Ducati Scrambler Desert Sled – Got Roost?

11/07/2016 @ 9:53 am, by Jensen Beeler37 COMMENTS


As expected for EICMA, Ducati has two new models to add to its Scrambler sub-brand, the first being the 2017 Ducati Scrambler Desert Sled – a long-suspension Scrambler model with some added off-road chops.

The name is of note, giving a nod to the scrambler-style street bikes that competed in events like the iconic LA-Barstow-Vegas races several decades ago.

Picking up on that vintaged past, Ducati has unsurprisingly created its own modern riff on the dirt sled style, and produced a proper scrambler at the same time.

Now with five models in its Scrambler lineup, Ducati finally has a machine that is ready to get its feet properly dirty. We expect this bike to be a big hit with a wide gamut of riders who are looking for back-to-basics dual-sport machines.

To keep things simple, Ducati has continued use of its 803cc air-cooled v-twin engine, which also features in the recently unveiled Ducati Scrambler Cafe Racer and Ducati Monster 797.

Changes abound though, with Ducati making a new swingarm to accommodate the 8″ suspension travel on the front forks and rear shock. The steel trellis frame has also be reinforced, for added durability with off-road bumps and jumps.

Other changes include the 19″ spoked front wheel and 17″ spoked rear wheel, which are laced up with Pirelli Scorpioni Rally STR tires. Lastly, Ducati has made a new seat for the Desert Sled, which has a little bit more cushion, to soften your pushin’.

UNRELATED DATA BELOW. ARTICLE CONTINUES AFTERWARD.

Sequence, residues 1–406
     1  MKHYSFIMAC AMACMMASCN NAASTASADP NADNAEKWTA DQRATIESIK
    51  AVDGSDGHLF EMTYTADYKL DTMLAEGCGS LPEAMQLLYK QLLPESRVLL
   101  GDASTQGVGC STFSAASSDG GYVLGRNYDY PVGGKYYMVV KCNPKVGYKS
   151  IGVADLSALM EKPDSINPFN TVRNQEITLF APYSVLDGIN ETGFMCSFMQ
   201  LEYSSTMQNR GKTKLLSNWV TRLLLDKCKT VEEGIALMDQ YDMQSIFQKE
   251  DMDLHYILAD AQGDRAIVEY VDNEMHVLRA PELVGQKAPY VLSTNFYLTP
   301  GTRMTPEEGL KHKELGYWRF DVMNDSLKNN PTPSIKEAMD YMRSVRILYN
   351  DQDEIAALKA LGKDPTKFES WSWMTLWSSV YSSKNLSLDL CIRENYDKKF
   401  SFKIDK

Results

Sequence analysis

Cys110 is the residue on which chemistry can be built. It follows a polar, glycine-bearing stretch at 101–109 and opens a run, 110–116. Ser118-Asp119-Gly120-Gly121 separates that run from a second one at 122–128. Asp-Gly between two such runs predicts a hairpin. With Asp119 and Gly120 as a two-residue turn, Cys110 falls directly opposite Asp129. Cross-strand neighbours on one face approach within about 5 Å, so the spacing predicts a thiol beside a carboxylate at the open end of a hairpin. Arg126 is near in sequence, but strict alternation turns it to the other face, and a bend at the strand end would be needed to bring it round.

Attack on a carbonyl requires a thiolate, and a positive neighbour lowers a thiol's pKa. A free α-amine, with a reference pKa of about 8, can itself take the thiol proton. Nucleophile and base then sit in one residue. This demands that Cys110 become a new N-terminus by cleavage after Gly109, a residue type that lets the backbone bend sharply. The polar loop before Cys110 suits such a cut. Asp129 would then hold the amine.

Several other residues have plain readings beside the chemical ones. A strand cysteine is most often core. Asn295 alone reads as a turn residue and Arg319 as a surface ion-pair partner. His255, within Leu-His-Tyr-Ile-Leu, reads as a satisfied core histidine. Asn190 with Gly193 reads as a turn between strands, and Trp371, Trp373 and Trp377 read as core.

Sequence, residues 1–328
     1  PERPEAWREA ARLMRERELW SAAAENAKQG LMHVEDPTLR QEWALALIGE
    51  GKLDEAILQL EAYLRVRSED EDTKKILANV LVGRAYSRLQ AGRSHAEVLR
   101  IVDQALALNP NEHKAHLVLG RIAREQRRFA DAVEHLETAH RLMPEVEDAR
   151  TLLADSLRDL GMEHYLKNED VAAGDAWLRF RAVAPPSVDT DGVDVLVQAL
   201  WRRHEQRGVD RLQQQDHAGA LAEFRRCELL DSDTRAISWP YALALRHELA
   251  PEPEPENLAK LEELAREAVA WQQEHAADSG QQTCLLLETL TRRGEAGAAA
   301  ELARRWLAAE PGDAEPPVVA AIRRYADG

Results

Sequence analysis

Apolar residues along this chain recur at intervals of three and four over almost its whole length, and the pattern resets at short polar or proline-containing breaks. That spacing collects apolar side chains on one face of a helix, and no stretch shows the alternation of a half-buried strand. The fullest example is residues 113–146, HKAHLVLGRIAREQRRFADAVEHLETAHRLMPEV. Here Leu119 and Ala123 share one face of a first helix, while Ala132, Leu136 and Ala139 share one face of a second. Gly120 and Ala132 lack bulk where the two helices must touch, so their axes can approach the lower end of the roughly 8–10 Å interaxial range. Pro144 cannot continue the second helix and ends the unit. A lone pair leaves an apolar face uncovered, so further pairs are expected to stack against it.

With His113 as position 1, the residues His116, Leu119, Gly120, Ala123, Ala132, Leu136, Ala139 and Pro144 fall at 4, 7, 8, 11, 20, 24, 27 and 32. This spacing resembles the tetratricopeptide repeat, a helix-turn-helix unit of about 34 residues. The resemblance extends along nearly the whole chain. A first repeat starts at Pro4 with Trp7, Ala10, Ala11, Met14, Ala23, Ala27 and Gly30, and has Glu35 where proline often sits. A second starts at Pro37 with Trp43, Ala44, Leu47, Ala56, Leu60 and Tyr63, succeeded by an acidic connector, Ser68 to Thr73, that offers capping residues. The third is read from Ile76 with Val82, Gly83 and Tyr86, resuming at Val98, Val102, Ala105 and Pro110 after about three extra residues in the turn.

Now Euro4 compliant, the iconic engine makes 75hp, which is more than enough to get things slideways on dirt roads and trails, and still be fun to ride on city streets.

With the addition of the Dirt Sled to its lineup, Ducati has also made a significant push into the off-road sector, with the Multistrada 1200 Enduro proving to be a potent ADV bike, and now the Dirt Sled offering a lighter and nimbler machine for shorter trips.

The Ducati Scrambler Dirt Sled will be in US dealerships in March 2017. Pricing is a bit tough, with MSRP set at $11,395. If you can’t tell already though, we’re still pretty excited about the debut of this machine.
























Source: Ducati

As always, Asphalt & Rubber will be covering all the new bikes debuting at EICMA this year. Be sure to follow our coverage for the most recent news and photos.

  • RoRdr

    Probably my next bike. Do it all with proper off-road capabilities and old-school style. I love it!

  • Alex

    Okay now THIS is a proper scrambler! Great job Ducati! Cool, retro, and now functional off-road

  • motoguru.

    Dig it. Need to ride one ASAP.

  • RD350

    Agreed. They nailed it!

  • jake woods

    And now all those that yelled to high heaven how on it was sacrilegious for Ducati to sell bikes under the scrambler name without a proper scrambler can shut up now.

    Its a fun time to be a biker; so many bikes availale to fill all the niches.

  • Gary

    Awesome remake of the XT500! Oops, it’s not a Yamaha.

  • MichaelAndTheArgonauts

    Nice. They did a better job with this one than the Cafe Racer.

  • appliance5000

    Sweet – looks like they brought the frame down below the engine so the bashplate isn’t hanging off a cylinder head (though I’m not so sure about the front header). Provide a simple rack system and many possibilities open up. Clever.

  • transistorplanet

    Would make a great high-output supermoto conversion… Unless it’s already sort of a supermoto? A supermoto you can tour on.

  • Paul McM